‘Blue Blood’ (‘Sangue azul’): Rio de Janeiro Review

Courtesy of Agencia Febre
Visually stunning as film but largely unrelatable as drama

Lirio Ferreira’s tale of circus life and incest set on a paradise island took the best feature and director awards at Rio

A sumptuous study of isolation that feels remote from authentic experience, Blue Blood is full of stunning images and striking set pieces which add up to little apart from a series of brilliant, blue-hued flashes. Back in 1996, its director Lirio Ferreira co-directed Perfumed Ball, the first film from Brazil’s Pernambuco region to make an impact on the international festival circuit: Blue Blood is only his third film. Unfortunately, despite its tight geographical focus it replicates the diffuseness of Dry Movie, Ferreira’s second, by saying too little about too much.

High on style but low on substance, there’s no escaping the fact that a story about the far-flung possibility of incest is a slim premise on which to hang a movie, despite that movie’s often elegant attempts to conceal its hollowness with cinematic fireworks. Offshore prospects, too, seem remote, though Blood’s awards for best film and director at Rio should generate some interest.

The travels of the Neptune circus have brought it to a distant island, an unnamed tropical paradise (the film was in fact shot on Fernando de Noronha, an idyllic location some 200 miles off the coast of north-east Brazil). The early scenes of this languid, sumptuously-shot film show the setting up of the circus, with billowing canvases set against the crystalline blue sea which dictates its palette and to which the title refers.

The cast is high-profile. Zolah (Daniel de Oliveira) is the human cannonball, a figure who metaphorically enough oozes a sexuality which he explores with Teorema (Cuban actress Laura Ramos). The ringmaster, Marlon Brando fan Kaleb (vet Paulo Cesar Pereio), is a fading illusionist who converses existentially on the beach with local fisherman Mumbebo (the great Brazilian director Ruy Guerra, squeezed in: touchingly it was fifty years ago this year that Pereiro made his debut in Guerra’s The Rifles). Other members of the troupe include strongman Inox (Milhem Cortz) and Gaetan (Matheus Nachtergaele), who throws knives at Teorema.

Read more Rio Film Fest: 'Blue Blood' Tops Premiere Brazil Competition

Zolah is returning to the island for the first time in over twenty years since being handed over to Kaleb to be raised in the circus by his mother Rosa (Sandra Coverloni). But unfortunately he falls for diver Raquel (Caroline Abras), now married to the hapless Cangulo (Romulo Braga, who won the best supporting actor in Rio): we soon learn that not only were Zolah and Raquel friends when they were children, but that they're biological brother and sister.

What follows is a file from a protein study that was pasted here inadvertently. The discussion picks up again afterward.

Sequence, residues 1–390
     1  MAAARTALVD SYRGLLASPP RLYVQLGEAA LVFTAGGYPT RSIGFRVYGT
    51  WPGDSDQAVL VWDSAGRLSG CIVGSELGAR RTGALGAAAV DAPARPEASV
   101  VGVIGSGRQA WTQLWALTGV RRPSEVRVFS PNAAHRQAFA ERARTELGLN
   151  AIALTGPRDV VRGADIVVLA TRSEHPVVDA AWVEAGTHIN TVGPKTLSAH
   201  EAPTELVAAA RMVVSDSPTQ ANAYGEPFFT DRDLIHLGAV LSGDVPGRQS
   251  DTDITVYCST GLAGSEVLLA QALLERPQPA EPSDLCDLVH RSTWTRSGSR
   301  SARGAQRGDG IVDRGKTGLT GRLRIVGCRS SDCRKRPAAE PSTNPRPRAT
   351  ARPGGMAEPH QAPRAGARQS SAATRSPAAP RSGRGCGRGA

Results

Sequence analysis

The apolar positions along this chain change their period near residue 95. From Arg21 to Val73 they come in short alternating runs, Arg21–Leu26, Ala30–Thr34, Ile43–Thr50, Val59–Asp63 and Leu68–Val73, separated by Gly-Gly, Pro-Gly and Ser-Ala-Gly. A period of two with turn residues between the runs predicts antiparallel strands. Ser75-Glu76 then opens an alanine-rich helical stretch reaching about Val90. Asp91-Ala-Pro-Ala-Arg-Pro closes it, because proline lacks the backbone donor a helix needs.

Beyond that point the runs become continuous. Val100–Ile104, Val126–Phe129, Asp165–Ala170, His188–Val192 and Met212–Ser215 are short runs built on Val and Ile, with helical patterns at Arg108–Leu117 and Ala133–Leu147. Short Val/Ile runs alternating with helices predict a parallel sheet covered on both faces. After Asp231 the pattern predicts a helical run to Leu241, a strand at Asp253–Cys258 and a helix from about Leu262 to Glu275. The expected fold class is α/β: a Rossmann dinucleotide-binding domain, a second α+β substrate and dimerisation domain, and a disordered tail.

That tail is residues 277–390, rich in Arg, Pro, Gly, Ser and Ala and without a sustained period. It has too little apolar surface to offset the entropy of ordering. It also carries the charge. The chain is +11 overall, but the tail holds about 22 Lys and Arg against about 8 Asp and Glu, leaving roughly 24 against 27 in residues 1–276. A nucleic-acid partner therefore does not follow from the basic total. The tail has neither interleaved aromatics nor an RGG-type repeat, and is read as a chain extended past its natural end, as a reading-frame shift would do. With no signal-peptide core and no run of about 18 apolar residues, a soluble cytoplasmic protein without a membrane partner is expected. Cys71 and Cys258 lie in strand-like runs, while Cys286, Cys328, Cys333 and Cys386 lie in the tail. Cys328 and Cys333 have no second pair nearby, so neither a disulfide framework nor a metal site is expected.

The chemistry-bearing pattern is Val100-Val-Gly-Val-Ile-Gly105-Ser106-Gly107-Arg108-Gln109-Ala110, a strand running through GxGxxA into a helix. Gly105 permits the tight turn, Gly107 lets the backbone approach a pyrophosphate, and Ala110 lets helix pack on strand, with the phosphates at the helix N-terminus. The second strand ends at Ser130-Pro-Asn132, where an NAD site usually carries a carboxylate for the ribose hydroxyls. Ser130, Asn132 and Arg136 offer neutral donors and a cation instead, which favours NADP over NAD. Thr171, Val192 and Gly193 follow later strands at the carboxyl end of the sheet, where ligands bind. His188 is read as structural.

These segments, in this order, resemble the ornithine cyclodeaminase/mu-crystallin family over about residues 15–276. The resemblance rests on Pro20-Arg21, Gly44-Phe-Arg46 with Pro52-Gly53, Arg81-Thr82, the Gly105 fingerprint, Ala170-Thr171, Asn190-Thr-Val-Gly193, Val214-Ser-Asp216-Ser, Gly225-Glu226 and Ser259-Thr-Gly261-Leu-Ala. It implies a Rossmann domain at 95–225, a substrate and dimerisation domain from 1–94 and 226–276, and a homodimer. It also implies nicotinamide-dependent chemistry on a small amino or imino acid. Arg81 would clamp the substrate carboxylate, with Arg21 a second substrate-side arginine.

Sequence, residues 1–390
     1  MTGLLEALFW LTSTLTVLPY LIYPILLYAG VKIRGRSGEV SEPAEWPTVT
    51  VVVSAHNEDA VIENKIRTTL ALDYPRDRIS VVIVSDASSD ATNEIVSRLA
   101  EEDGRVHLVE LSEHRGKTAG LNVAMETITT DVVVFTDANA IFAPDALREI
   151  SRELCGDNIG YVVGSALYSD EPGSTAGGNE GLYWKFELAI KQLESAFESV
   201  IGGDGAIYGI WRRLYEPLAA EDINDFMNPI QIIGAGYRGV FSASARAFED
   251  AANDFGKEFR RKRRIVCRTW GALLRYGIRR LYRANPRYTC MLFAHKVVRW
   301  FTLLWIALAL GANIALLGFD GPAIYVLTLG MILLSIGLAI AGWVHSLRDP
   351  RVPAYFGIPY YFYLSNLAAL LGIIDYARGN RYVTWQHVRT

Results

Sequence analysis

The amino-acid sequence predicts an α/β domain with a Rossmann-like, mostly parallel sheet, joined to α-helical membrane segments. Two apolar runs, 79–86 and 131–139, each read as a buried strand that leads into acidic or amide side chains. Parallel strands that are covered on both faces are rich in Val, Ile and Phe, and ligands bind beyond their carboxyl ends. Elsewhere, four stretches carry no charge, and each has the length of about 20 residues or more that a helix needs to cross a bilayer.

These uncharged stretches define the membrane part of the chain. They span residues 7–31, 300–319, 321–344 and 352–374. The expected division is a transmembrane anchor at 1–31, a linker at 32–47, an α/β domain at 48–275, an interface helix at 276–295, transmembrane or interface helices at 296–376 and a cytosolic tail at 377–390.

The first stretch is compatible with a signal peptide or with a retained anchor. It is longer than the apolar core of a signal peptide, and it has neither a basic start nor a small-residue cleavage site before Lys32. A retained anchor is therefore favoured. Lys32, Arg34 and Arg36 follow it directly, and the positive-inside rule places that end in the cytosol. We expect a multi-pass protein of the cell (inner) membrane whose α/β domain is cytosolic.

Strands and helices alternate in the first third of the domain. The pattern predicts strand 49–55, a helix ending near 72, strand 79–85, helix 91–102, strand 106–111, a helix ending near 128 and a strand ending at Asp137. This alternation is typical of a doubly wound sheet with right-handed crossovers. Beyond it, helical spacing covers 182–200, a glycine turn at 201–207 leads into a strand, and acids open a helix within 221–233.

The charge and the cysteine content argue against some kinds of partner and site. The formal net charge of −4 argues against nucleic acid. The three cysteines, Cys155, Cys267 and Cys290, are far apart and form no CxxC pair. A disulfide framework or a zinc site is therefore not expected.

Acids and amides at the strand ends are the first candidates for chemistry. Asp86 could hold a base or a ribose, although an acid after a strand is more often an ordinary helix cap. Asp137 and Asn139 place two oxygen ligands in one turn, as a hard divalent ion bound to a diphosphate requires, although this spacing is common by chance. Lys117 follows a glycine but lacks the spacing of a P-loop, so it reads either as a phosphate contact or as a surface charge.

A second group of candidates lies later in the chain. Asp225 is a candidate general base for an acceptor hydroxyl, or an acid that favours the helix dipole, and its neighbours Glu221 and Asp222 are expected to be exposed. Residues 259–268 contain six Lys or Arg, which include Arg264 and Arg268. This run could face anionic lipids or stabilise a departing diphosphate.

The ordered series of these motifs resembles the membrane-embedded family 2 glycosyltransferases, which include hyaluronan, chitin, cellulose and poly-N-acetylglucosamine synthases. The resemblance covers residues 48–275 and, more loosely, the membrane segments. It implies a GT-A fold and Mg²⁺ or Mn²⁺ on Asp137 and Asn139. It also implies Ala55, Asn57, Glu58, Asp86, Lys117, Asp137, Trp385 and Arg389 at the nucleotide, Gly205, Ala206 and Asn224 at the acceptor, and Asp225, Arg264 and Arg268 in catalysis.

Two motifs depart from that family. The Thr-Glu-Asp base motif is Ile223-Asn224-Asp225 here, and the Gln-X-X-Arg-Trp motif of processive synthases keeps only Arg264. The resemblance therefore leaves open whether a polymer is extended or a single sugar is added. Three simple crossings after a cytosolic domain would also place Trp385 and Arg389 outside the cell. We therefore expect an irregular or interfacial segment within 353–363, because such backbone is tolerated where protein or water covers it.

Presumably the aim is to have the circus function as a microcosm of society, and indeed major subjects are negotiated, among them love, sexuality, marriage, aging and death. But the angle of focus is so wide that very little new light is shed on any of them. Blue Blood is full of small moments of symbolism which don’t add up to much, unless we’re looking at a metaphor for a society struggling to emerge from the consequences of the bad decisions taken by its elders: and if that is indeed what it’s all about, then it doesn’t deliver anything particularly revealing.

The film is thus best enjoyed for its full creation of an isolated, remote and offbeat world, a world, however, in which it’s hard to engage emotionally because of the broad brushstroke characterization. Most of the dramatic burden falls on the shoulders of de Oliveira, who is sensitive, muscular and dull, and Abras, straddled between marriage and sex as Raquel: but there’s no sense of anything that may have happened between the central duo which would merit all this dramatic fuss.

Circuses as seen in movies tend to be brighter, less drab places than their real-life counterparts, and that’s the case here: the characters seem to be at their happiest when performing. But there’s little of note about what they’re doing during these scenes, which drag on too long. Such scenes contrast with those too-few moments of extraordinary and memorable artistry, as in a long shot of Raquel falling asleep in what appears to be real time, or of Kaleb approaching Inox and suddenly, apropos of nothing, kissing him passionately.

Production company: Drama Filmes
Cast: Daniel de Oliveira, Caroline Abras, Romulo Braga, Paulo Cesar Pereio, Sandra Coverloni, Milhem Cortz, Matheus Nachtergaele, Laura Ramos, Ruy Guerra
Director: Lirio Ferreira
Screenwriters: Lirio Ferreira, Fellipe Barbosa, Sergio Oliveira
Producers: Beto Brant, Lirio Ferreira, Renato Ciasca
Executive producers: Monica Lapa, Julia Bock, Fred Lasmar, Tuca Noronha
Director of photography: Mauro Pinheiro
Production designer: Juliana Carapeba
Editors: Mair Tavares, Tina Saphira
Composer: Pupilo
Sales: Drama Filmes

No rating
114 minutes